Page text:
• Evaluation of presence of virulent factors, CRISPR-Cas genes and antibiotic resistant genes profiles in S. aureus strains (UoM candidate) or E. coli strains (BUA candidate)
    • Host range determination of newly isolated and reference phages active against the MDR bacterial collection and analysis of genomic correlates of phage-host interactions.
  2. In vitro evaluation of trade-off effects.
    • Evaluation of in vitro phage-resistance emergence in MDR bacterial strains.
    • Assessment of trade-off effects: determination of increased sensitivity of phage-resistant mutants to antibiotics and/or reduced virulence.
    • Characterization of phage-resistant mutants. Identification of gene mutations associated with the phage-resistant phenotypes.
  3. Evaluation of combined exposure of MDR strains to phages and antibiotics.
    • Antibacterial assessment of the best phage candidates in combination with other phages and with different antibiotics.
    • Evaluation of what types of bacterial resistance will arise after exposure to mixture of phage and/or antibiotics.
    • Determination of longer-term bacterial evolutionary responses to antibiotic and phage to ensure treatment efficacy and prevention of resistance development.

Supervision team

  • The University of Melbourne: Professor Ben Howden

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Who we are looking for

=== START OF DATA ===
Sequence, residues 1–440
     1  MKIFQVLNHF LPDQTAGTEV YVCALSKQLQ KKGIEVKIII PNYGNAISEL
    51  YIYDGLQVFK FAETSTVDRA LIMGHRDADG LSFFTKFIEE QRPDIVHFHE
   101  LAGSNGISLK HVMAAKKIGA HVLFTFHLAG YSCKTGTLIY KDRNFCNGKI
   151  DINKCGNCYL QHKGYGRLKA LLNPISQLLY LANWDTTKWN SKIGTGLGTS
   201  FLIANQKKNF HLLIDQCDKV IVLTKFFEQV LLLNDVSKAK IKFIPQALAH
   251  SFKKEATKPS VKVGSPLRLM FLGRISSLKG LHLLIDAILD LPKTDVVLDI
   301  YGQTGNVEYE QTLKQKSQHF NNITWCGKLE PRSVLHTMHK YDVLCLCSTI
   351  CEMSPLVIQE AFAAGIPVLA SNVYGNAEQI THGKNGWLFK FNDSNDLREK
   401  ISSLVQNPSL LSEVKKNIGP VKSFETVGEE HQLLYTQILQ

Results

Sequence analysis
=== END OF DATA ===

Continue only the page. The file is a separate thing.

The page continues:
We are seeking a PhD candidate with the following skills:

  • An undergraduate degree with Honours, or Masters, in Microbiology or Molecular Biology or a related field.
  • Demonstrated experience in the field of Microbiology, Molecular Biology or Genomics.
  • Demonstrated ability to work independently and as part of a team.
  • Demonstrated time and project management skills.
  • Demonstrated ability to write research reports or other publications to a publishable standard (even if not published to date).
  • Excellent written and oral communication skills.
  • Demonstrated organisational skills, time management and ability to work to priorities.
  • Demonstrated problem-solving abilities.

Further details

  • Two PhD projects are available. One candidate will be based at University of Melbourne (UoM) with a minimum twelve-month stay at Charité – Universitätsmedizin Berlin. The Berlin University Alliance (BUA) candidate will be based at Charité – Universitätsmedizin Berlin and will spend a minimum of 12 months at the University of Melbourne (UoM).
  • The PhD candidate will benefit from the combined expertise of the project supervisors, and the embedding into two research environments.
  • Prof Ben Howden  at the University of Melbourne will contribute expertise in clinical microbiology, antimicrobial resistance and pathogen genomics and evolution.
  • Prof Andrej Trampuz  at Charité – Universitätsmedizin Berlin will contribute expertise in the characterization of newly isolated bacteriophages and their co-evolution with MDR bacteria.
  • The candidate will be enrolled in the Department of Microbiology and Immunology PhD program the University of Melbourne (Doherty Institute) and the Center for Musculoskeletal Surgery at Charité – Universitätsmedizin Berlin.


Please note applications are no longer being accepted for these positions